International edition
June 21, 2021

Casino operators are expected to post new record this month

Macau: Gaming taxes may add 50 % to public revenue

(Macau).- As at the end of August, the MSAR public revenue already topped the official forecast for the whole year, which was us$ 8.593 billion. In the first eight months of this year, total public revenue reached us$ 8.597 billion, up by 44.9 % year-on-year, according to the latest figures from the Financial Services Bureau (DSF).

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owever, the number may climb even further, as gaming taxes collected by the government – which account for more than 80 % of the government’s total revenue – may reach us$ 12.68 billion this year, said analysts quoted by Portuguese news agency Lusa.

The total casino gross gaming revenue for the nine months ended September soared 45.9 % year-on-year to us$ 23.8 billion. In the third quarter alone, gross gaming revenue rose 48.2 percent from a year earlier to us$ 8.6 billion. Analysts say that if the industry follows the same trend in the fourth quarter, local gaming operators will close 2011 with gross gaming revenue over us$ 34 billion.

If analyst forecasts are right, the SAR Government will collect us$ 12.68 billion in direct and indirect taxes from gaming this year, which alone represents us$ 4 billion more than the official forecast for the MSAR public revenue over the entire year. According to analyst calculations, the administration will raise us$ 11.3 billion in direct gaming taxes, which is set at 35 percent, and us$ 1.29 billion from indirect taxes, another 4 percent. Moreover, casino operators are expected to post a new record in revenue this month spurred by the Golden Week period, which may lead to higher revenue at the end of the year. In the first nine days of October, local casinos raked in more than us$ 1.32 billion in revenue.

“It’s obvious that the [gaming] revenue may be higher, but being cautious and working with the figures at hand, we can only do a calculation based on the results from the last [third] quarter,” analysts told Lusa, adding that the forecast may only fall short for being “too conservative”. In the meantime, secretary for Economy and Finance Francis Tam Pak Yuen said Tuesday that he sees no need to increase the cap on the number of gaming tables announced last year.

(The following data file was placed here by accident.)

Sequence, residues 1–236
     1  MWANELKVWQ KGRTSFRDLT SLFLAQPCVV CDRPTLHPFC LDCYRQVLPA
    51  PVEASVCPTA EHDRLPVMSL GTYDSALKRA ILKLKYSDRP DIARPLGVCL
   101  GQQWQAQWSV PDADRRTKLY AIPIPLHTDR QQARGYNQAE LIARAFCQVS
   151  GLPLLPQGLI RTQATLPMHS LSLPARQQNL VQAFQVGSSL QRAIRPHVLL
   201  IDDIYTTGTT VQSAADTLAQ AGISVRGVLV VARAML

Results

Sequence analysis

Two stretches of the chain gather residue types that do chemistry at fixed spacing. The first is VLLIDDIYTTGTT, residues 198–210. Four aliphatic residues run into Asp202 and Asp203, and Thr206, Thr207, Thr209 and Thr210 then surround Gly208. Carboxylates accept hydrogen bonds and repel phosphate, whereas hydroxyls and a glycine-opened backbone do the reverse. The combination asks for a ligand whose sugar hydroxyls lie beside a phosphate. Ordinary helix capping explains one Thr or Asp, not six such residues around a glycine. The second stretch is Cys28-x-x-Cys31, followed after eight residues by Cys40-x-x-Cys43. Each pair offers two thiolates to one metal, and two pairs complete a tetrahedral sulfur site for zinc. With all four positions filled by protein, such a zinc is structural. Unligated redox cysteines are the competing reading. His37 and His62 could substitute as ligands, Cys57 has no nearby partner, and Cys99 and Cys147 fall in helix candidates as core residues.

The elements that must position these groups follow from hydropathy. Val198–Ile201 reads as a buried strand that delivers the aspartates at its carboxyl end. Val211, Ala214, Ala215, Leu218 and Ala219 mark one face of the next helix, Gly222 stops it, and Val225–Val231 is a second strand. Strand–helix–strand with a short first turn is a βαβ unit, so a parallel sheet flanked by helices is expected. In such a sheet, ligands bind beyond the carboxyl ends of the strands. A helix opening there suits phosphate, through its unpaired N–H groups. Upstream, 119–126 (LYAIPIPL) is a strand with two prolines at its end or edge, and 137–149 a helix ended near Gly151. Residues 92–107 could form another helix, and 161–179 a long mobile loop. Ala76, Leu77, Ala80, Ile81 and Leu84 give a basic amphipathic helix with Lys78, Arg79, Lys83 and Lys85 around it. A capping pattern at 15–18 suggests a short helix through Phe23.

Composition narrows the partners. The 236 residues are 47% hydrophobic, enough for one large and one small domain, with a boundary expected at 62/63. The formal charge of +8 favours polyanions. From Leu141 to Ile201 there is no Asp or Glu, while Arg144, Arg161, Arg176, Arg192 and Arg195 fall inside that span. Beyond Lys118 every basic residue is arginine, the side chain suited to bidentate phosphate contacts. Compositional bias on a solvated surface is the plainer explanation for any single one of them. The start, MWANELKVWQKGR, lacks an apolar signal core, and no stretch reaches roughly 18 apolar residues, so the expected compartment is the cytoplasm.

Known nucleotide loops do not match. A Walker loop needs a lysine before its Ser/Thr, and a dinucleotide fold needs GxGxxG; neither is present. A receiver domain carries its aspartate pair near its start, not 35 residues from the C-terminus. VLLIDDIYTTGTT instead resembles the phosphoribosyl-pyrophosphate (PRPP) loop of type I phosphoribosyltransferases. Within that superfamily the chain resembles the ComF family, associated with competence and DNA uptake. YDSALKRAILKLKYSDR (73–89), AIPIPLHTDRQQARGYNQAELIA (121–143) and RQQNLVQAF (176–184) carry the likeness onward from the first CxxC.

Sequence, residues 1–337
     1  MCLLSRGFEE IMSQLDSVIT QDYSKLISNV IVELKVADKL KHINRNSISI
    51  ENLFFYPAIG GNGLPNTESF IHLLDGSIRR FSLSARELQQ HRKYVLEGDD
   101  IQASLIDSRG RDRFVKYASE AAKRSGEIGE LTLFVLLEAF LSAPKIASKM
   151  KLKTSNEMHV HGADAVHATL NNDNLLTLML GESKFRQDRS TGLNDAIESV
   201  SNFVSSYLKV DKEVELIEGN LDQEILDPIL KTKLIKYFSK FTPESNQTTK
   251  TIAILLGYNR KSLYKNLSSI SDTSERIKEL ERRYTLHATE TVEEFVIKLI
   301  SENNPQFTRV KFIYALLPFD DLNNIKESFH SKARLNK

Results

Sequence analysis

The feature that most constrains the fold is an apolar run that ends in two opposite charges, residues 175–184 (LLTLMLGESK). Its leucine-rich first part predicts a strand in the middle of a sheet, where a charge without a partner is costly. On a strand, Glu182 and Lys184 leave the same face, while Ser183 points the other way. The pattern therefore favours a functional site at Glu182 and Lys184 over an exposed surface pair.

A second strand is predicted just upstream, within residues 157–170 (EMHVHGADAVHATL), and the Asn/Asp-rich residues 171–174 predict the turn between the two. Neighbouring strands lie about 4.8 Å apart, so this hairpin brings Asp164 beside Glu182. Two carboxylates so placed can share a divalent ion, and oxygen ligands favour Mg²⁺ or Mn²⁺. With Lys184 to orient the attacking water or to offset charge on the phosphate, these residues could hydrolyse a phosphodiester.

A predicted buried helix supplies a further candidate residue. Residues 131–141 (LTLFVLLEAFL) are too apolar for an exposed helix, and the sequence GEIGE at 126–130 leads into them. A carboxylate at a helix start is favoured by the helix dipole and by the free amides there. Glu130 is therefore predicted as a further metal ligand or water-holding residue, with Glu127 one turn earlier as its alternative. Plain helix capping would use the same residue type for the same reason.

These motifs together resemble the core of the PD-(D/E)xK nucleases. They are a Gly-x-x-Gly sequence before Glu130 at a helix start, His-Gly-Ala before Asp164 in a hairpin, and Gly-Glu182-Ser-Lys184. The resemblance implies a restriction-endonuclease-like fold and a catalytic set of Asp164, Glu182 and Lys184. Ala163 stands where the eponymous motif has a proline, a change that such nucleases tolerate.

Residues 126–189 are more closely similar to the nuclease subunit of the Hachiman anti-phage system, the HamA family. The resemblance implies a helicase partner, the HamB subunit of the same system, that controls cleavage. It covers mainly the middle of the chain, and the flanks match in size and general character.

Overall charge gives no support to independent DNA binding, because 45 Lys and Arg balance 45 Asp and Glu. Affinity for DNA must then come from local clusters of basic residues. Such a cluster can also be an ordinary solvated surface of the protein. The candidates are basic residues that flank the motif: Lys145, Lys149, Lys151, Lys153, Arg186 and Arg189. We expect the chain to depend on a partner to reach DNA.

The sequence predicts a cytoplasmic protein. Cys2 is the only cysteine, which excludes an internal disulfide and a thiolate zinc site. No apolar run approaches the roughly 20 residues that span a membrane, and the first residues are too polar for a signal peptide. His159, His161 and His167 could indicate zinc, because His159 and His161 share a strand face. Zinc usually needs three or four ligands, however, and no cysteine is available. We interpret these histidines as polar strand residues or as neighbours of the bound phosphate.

The government set a gaming table restriction of 5,500 units until 2013. Macau added 142 new gaming tables in the third quarter this year, for a total of 5,379 units. The government’s table cap implies there is now room to add only 121 new gaming tables between now and 2013.

“We said last year that the number of gaming tables will be maintained at 5,500 [until 2013]. It is still our goal to maintain that number and we are still on target,” said Tam, adding that “we don’t see any reason to change it.”The official also said the average growth in the number of gaming tables will be kept at three percent annually in the decade after 2013.

Experts speaking to the Macau Daily Times last month said that this restriction is likely to push casino operators towards electronic tables, since there are currently no plans to limit the number of electronic tables or slot machines, according to the local gaming regulator.

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